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What to expect now that SolarCity has the keys to RiverBend

State officials are set to hand over the keys Friday to SolarCity for its new solar panel factory in South Buffalo.

With the solar energy company gaining access to the 1.2 million-square-foot factory, the Buffalo Billion’s signature economic development program will begin the shift from its construction phase to a period where SolarCity begins to get the plant ready to begin producing solar panels sometime during the spring.

[Gallery: Inside look at SolarCity]

Construction on the $900 million factory, which is being built and equipped by the state and will be leased to SolarCity for $1 a year for the next 10 years, has been underway for more than two years. The factory, which will house the biggest solar panel production facility in the Western Hemisphere, was completed on time and on budget, said Kevin Schuler, a spokesman for LPCiminelli, the project’s main contractor.

In all, the state is spending $750 million to build the factory and purchase the equipment that SolarCity will use to make its solar panels.

Although the handover is a significant milestone in the project’s development, a lot of work remains to be done. The factory, while largely completed, still needs finishing work, and the cavernous building is largely empty, much like a newly built house, without the equipment, furniture and people who will work there.

Here’s what to expect between now and when the first solar panels roll out of the plant, likely in June.

The outside of SolarCity at RiverBend in Buffalo. (Robert Kirkham/Buffalo News)

The outside of SolarCity at RiverBend in Buffalo. (Robert Kirkham/Buffalo News)

Fall 2016

While SolarCity taking control of the building signals the end of the construction phase, that doesn’t mean all of the construction work is done. Contractors are expected to remain at the site through the end of the year, wrapping up their work on the facility.

“It’s essentially ready,” said Steve James, the senior vice president of SolarCity’s solar panel manufacturing business.

“There are still going to be contractors on site. We’ll just sort of be co-existing,” James said. “We’ll be able to move into the office space. We’ll be able to start doing some initial work on the new equipment.”

“It’s in finishing touches,” James said “It’s like in a house. It kind of looks done when you’re at the end, but there’s a lot to do. There’s the painting and the trim and everything that takes a lot longer than you think it will.”

 

December 2016 to January 2017

As the finishing work wraps up at the factory, SolarCity plans to start moving in the solar panel production equipment.

About two-thirds of the equipment that will go into the plant already has been ordered, said Joseph Mendelson, SolarCity’s director of policy & electricity markets.

But the ultimate design and layout of the factory has been changing. SolarCity has been experimenting with various production designs and layouts at its pilot factory in Fremont, Calif., and the things that SolarCity’s engineers are learning there is shaping the way the Buffalo factory will operate, Mendelson said.

Those changes could lead to a significant increase in the capacity of the Buffalo factory, Peter Rive, SolarCity’s chief technology officer, said last month without disclosing how much output could rise. The factory’s stated capacity will allow it to produce about 9,000 to 10,000 panels a day, with a combined annual generating capacity of about 1,000 megawatts of electricity.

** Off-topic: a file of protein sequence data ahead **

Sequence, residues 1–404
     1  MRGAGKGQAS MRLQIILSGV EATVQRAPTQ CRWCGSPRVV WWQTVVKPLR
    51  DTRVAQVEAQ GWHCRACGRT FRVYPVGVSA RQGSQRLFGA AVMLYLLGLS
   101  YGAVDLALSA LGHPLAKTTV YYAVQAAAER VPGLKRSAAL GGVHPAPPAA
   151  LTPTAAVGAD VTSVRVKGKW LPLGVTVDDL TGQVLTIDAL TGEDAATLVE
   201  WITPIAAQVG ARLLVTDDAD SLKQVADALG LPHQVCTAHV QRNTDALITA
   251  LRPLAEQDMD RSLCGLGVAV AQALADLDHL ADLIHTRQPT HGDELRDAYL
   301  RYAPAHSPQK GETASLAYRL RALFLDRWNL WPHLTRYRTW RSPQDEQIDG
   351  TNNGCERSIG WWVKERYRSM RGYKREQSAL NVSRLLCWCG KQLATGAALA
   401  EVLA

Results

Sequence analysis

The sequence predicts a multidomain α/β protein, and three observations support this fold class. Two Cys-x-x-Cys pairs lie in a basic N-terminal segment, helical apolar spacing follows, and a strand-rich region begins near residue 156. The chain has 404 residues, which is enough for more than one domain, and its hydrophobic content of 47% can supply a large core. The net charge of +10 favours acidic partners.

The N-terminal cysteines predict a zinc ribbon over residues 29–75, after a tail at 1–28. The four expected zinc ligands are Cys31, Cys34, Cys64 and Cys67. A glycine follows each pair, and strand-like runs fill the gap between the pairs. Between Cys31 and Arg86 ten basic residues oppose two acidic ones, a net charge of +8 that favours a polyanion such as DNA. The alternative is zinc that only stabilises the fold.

“It’s a combination of equipment changes and process changes,” James said. “This plant was designed two years ago. In the two years, our research and development folks have been working on making the equipment more efficient, making the processes more efficient. We’re trying to roll some of that into the factory so we give ourselves some room to grow.”

Miles of plumbing, valves and wires at the SolarCity plant at RiverBend in Buffalo on Wednesday, Sept. 7, 2016. (Robert Kirkham/Buffalo News)

Miles of plumbing, valves and wires at the SolarCity plant at RiverBend in Buffalo on Wednesday, Sept. 7, 2016. (Robert Kirkham/Buffalo News)

Winter 2017

Once the new year begins, SolarCity expects to start hiring the first production workers for the plant.

The company, which currently has about 40 workers in Buffalo, expects to add about 150 production employees as it gears up to start production.

As the design of the factory has changed and SolarCity has been able to improve the efficiency of the equipment and its processes, the company has scaled back its estimate of how many production workers the factory will need. The company now says it will need a minimum of 500 factory workers, down from the company’s original forecast of almost 1,500.

“I believe we’re going to be significantly more than 500 by the time we ramp it, especially as we grow,” James said.

SolarCity still is pledging to create nearly 1,500 jobs in the Buffalo Niagara region, but now says most will be in non-production roles that still pay above-average wages.
“They’re definitely going to be higher-skill jobs,” Mendelson said.

 

June 2017

SolarCity this summer moved up its production timetable for the Buffalo factory, saying it expects to begin manufacturing on a limited scale by the end of June.

The initial production will involve about a quarter of the plant’s stated capacity – around 250 megawatts – and will be focused on a new solar roofing product that SolarCity is expected to unveil in the coming weeks.

The company has not said when it expects to reach full production.

email: drobinson@buffnews.com

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